#NoFilter: Shooting 365 photos of Reno life…on film

Frank Manfredonia, a TEC Equipment parts specialist helps Kayla Blackwell, artist at Invictus Tattoo Studio, in the parking lot of a 7-11 on Wells and Second streets. Photo by Mike Higdon

Frank Manfredonia, a TEC Equipment parts specialist, helps Kayla Blackwell, artist at Invictus Tattoo Studio, in the parking lot of a 7-11 on Wells Avenue and Second Street. Photo by Mike Higdon

What did I just get myself into?

On July 1, I started taking one photo a day on film. I will continue taking a photo a day until June 30, 2017.

My goal is to tell the story of life in Reno over the course of 365 days. But, maybe I’ll only end up telling the story of where I’ve been and the things and people I ran into during that time. What’s the difference, right? Either way, I hope to exhibit them all in a gallery at the end.

The point of this project is to create a framework for telling 365 little stories that form larger narratives. But I don’t know what those stories will be each day or at the end of the year. I want to let them appear to me rather than craft a specific message. That could appear random, but I suspect my photographic style and the subjects that interest me will create their own theme.

I’m pursuing the project like a photojournalist…but also like an artist.

365 photo projects are common ways for photographers to push themselves to learn and grow. Mine started after spending June posting a photo a day on the Reno Gazette-Journal’s Instagram account. But what I realized is that I was actually taking 8 to 12 photos per day, then picking my favorite one, applying filters and posting it.

Most of us do that without thinking about it. Some people even spend hours taking photos with professional gear, then post one to Instagram as if it were a candid moment. The filters can either add fun, a mood or redeem a bad or boring shot.

That’s fine, it’s definitely a thing, and I do it all the time.

But I decided to do the complete opposite for this project because I didn’t feel like I was pushing myself hard enough to explore the world. And I was also stressing over which picture to post to impress an audience on social media.

Instead, everything in this #NoFilter project is 100 percent analog, unfiltered and slow. Take a picture? Cool, can’t see it until the whole roll is done and no one else will see them until the year is over. Too dark? Sucks for you, should’ve used the camera better. Missed a shot? Great, don’t be so timid next time.

I hate that I had to scan a few photos for this post just to demonstrate, because that hurts the integrity of the goal (and the scans look worse than the prints). But it’s the internet, and you gotta use pictures or no one will click. ¯\_(ツ)_/¯

My wife Annie Flanzraich helped set the parameters and has been the stalwart framer for this project. To make an interesting and terrifying challenge, we created these rules, which are largely based around the method and not the content:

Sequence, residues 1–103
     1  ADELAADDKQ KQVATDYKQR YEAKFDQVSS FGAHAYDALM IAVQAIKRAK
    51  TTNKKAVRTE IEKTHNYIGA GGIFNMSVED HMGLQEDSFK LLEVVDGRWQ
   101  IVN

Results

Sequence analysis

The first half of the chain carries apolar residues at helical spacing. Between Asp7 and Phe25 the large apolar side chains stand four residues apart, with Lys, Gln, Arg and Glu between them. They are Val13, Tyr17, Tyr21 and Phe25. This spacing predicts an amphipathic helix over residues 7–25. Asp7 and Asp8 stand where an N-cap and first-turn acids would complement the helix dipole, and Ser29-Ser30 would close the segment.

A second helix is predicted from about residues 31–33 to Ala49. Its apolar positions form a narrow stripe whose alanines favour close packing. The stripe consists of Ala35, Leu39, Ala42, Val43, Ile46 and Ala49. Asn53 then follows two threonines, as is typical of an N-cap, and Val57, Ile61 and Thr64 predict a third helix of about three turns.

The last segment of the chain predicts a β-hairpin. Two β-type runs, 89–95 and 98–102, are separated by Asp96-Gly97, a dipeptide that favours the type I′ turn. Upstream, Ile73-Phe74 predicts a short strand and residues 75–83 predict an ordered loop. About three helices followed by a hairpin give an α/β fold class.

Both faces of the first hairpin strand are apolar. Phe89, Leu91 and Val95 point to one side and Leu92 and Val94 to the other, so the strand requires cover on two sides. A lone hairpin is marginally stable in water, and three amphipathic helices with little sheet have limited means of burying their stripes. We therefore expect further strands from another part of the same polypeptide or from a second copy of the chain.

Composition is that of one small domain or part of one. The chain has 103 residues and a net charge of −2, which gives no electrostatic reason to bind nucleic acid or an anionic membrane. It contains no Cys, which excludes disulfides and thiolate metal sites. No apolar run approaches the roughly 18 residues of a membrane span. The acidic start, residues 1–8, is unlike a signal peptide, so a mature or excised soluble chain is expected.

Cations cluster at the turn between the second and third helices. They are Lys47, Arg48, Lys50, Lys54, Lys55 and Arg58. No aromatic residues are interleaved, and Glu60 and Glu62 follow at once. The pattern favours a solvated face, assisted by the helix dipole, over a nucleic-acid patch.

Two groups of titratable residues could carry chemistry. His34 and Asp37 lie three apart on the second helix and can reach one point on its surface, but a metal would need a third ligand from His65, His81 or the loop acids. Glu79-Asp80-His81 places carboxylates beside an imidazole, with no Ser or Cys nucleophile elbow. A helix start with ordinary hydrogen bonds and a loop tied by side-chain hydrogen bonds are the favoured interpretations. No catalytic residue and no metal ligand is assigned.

• A roll of 36 frames per month means I can take 28 to 31 photos a month with room for 5 to 8 do-overs
  • No cheating! That means no loading up on photos and saving them for other days. Each photo must be taken on that day. If I don’t take one, that day is blank
  • Be consistent. Use the same camera, print the photos at the same size at the same lab
  • But be flexible. Any 35mm film is acceptable and any photographic tool that works with the camera or aids in photographing something is fine (lenses, digital light meters, tripod, etc.)

The film I pick for that month dictates the most, so I stress out about it the most. In digital photography, we can all pick the light sensitivity (or let the camera/smart phone do it) and take any picture practically anywhere.

With film, I’m stuck with a certain speed for an entire month. That determines the time of day, indoor or outdoor and type of image I’ll get. And that really, really affects the subject choice. I can use lenses and flashes to compensate, but it only helps so much.


A dog barks at passersby while standing on an old car in a backyard on Lakeside Drive. Photo by Mike Higdon

A dog barks at passersby while standing on an old car in a backyard on Lakeside Drive. Taken through the cracks in a wooden fence. Photo by Mike Higdon

How I envision the final exhibit

I often focus on the final product first, rather than the purpose, before starting a project. Many artists, I imagine, start with the message then determine the method or process next. But I need to see the final outcome of a project in my head before deciding how to accomplishing it. Since I want the image to dictate the message, this mode of thinking works here.

In the end, 365, 5×7-inch photos will be displayed on a giant wall in the shape of a calendar. Some photos might include captions if they warrant it while others might not…or maybe they all will, I’m not sure yet.

Here's one section of the wall.

Here’s one rough example section of an imaginary wall


In any case, it should be really interesting to see what kind of stories come out of an entire year of shooting.

Join me next time as I answer some of the FAQs I’ve gotten about the project already. Such as, “Are you developing your own film?”, “What happens if you see more than one good subject in a day?” and “What if you travel?” 

Mike Higdon is a journalist who writes, photographs, videos and designs. He lives in Reno, Nevada and enjoys urban life and telling stories about it.